Owners of the popular Pebble smartwatch were dismayed to find out on Wednesday that the company has essentially folded, with several of their assets being sold to direct competitor Fitbit.
The news comes only a few months after the Pebble 2 was successfully Kickstarted, making over $12 million for the company to make the products. Backers have now been told that if they haven’t received their device already, they just won’t be getting it. They will be able to get refunds, but they may have to wait till March 2017. That’s almost a whole year after they put their money into the project in the first place.
What’s even worse for current Pebble owners is that all warranties on any Pebble product is now invalid. Fitbit have confirmed that they won’t be honouring any warranties as part of their takeover, so you may be out of luck. If you’ve just bought a Pebble (and with Christmas coming, people may well be buying them as gifts), that’s going to be a bitter pill to swallow. You may be able to get a refund or store credit if you bought through a third party such as Amazon, but that’s about it.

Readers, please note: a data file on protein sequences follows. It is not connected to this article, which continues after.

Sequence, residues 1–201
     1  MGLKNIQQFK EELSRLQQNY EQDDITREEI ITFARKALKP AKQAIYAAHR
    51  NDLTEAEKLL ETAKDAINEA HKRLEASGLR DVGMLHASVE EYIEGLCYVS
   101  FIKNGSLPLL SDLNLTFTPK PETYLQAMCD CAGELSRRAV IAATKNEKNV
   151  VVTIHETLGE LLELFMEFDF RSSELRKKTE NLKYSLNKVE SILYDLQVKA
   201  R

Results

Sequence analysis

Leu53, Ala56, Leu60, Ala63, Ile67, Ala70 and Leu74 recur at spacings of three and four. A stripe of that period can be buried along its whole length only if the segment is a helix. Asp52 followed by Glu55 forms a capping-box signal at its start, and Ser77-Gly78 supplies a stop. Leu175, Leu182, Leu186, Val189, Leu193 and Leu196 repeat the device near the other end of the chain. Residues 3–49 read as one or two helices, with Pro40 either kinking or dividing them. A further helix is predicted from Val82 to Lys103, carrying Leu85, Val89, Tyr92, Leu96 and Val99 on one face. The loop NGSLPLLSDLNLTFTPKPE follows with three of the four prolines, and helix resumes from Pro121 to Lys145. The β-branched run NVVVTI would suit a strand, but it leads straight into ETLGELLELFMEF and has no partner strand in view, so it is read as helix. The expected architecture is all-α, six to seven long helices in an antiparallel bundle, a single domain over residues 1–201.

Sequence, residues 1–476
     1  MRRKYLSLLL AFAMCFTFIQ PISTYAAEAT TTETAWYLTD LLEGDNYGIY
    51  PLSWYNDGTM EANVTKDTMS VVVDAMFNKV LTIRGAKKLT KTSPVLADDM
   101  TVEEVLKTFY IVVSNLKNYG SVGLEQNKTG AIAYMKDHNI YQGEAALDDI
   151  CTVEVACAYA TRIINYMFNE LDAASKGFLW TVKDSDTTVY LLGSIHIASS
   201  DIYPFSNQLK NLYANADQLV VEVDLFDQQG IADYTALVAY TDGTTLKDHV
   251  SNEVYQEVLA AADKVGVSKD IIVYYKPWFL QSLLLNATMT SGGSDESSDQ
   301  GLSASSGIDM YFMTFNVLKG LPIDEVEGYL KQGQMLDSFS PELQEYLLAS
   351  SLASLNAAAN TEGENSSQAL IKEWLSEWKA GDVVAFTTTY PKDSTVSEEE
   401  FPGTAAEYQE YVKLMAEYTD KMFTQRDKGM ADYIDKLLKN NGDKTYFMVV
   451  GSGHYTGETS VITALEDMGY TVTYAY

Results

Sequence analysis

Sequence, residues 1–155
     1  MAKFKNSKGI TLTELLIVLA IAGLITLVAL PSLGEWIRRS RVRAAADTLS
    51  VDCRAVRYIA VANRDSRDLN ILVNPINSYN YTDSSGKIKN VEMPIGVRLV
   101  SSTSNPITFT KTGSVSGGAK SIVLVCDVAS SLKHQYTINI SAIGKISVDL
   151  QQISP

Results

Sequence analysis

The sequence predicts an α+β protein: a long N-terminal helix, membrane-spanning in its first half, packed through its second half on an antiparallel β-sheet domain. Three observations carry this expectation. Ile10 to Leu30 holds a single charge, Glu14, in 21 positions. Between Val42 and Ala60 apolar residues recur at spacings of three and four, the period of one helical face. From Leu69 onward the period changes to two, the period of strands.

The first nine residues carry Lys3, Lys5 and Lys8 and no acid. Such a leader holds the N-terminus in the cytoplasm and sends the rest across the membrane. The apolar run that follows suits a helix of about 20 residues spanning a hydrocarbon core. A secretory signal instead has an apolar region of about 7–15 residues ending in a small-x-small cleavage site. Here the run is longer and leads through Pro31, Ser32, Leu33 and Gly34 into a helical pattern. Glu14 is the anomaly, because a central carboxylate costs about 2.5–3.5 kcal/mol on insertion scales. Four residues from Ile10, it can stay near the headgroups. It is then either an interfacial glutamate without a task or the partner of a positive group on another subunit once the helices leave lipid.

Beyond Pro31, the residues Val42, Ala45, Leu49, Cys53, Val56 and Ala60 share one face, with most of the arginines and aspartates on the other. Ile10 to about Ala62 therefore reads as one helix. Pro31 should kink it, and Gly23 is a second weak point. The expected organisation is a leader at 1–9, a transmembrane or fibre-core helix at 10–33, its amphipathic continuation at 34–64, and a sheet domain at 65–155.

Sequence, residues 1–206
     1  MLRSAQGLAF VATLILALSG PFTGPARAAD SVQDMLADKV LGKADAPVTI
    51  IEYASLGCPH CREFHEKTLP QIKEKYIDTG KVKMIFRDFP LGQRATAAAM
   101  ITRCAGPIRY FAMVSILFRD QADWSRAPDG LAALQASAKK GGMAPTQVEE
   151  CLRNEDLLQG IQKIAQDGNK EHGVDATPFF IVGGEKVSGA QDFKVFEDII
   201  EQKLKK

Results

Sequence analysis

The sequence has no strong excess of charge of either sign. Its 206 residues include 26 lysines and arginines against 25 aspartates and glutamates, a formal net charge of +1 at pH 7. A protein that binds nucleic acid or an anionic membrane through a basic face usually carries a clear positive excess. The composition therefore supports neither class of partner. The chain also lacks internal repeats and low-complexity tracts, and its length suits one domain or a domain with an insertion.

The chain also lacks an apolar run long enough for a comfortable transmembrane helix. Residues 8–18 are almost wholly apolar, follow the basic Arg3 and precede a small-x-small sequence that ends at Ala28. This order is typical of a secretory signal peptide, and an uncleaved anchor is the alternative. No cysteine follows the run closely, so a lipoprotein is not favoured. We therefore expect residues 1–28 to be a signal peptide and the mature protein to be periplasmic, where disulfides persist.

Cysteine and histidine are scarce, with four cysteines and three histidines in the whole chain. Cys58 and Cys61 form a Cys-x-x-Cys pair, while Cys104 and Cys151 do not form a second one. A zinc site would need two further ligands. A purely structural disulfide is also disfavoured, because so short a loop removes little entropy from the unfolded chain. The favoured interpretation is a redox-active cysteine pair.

Many tech fans have expressed their dismay about the takeover of Pebble. The plucky smartwatch was one of the frontrunners of the wearable tech scene, and unlike many smartwatches was made by an independent company. They were initially funded entirely by Kickstarter backers, giving Pebble more freedom to create the smartwatch that they wanted to see.
This meant that the Pebble was unlike any other smartwatch we’ve seen since. It had an impressive battery life, with some models running for ten days on a single charge. It didn’t have the processing power of later models by Apple and Google, but it offered features that no other company did. There was a real hobbyist feel behind the Pebble watch, so it’s understandable why so many tech lovers are disappointed about how that story ended.
No one expected to see Pebble fail, and it goes to show that Kickstarter can be an amazing place to get funding, but it can bite back. Any project, no matter how it’s funded, needs to be handled properly or it can still fail. No amount of money can fix poor management.
This does mean that trust in crowdfunding projects will now take a dip. After all, if one of the most successful crowdfunding stories can tank, why should you put your money in anything else? Kickstarter has got measures in place to help you claim money back if things go wrong, but it’s not a lot of comfort to many would be backers.